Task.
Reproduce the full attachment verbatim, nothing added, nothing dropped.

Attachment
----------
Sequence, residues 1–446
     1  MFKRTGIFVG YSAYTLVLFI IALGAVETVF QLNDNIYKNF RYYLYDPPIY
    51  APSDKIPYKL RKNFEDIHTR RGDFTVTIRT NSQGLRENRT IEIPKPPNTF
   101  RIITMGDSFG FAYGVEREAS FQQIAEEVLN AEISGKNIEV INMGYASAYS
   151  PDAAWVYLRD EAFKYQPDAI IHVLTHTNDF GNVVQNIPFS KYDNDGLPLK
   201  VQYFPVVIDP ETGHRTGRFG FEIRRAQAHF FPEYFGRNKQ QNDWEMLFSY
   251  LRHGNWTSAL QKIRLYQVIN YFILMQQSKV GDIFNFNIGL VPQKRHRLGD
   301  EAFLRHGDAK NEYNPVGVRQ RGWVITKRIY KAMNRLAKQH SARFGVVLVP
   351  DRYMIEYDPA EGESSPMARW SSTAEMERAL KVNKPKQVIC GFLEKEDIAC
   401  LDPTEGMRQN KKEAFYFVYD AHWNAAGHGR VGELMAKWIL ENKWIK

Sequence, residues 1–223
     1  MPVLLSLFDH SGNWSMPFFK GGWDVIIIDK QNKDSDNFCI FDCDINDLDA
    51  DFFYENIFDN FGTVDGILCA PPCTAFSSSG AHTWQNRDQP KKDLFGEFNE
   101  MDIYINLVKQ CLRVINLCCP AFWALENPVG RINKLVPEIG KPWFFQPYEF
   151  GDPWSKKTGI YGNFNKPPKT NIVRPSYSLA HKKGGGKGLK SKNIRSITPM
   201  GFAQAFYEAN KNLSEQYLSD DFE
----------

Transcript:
Sequence, residues 1–446
     1  MFKRTGIFVG YSAYTLVLFI IALGAVETVF QLNDNIYKNF RYYLYDPPIY
    51  APSDKIPYKL RKNFEDIHTR RGDFTVTIRT NSQGLRENRT IEIPKPPNTF
   101  RIITMGDSFG FAYGVEREAS FQQIAEEVLN AEISGKNIEV INMGYASAYS
   151  PDAAWVYLRD EAFKYQPDAI IHVLTHTNDF GNVVQNIPFS KYDNDGLPLK
   201  VQYFPVVIDP ETGHRTGRFG FEIRRAQAHF FPEYFGRNKQ QNDWEMLFSY
   251  LRHGNWTSAL QKIRLYQVIN YFILMQQSKV GDIFNFNIGL VPQKRHRLGD
   301  EAFLRHGDAK NEYNPVGVRQ RGWVITKRIY KAMNRLAKQH SARFGVVLVP
   351  DRYMIEYDPA EGESSPMARW SSTAEMERAL KVNKPKQVIC GFLEKEDIAC
   401  LDPTEGMRQN KKEAFYFVYD AHWNAAGHGR VGELMAKWIL ENKWIK

Sequence, residues 1–223
     1  MPVLLSLFDH SGNWSMPFFK GGWDVIIIDK QNKDSDNFCI FDCDINDLDA
    51  DFFYENIFDN FGTVDGILCA PPCTAFSSSG AHTWQNRDQP KKDLFGEFNE
   101  MDIYINLVKQ CLRVINLCCP AFWALENPVG RINKLVPEIG KPWFFQPYEF
   151  GDPWSKKTGI YGNFNKPPKT NIVRPSYSLA HKKGGGKGLK SKNIRSITPM
   201  GFAQAFYEAN KNLSEQYLSD DFE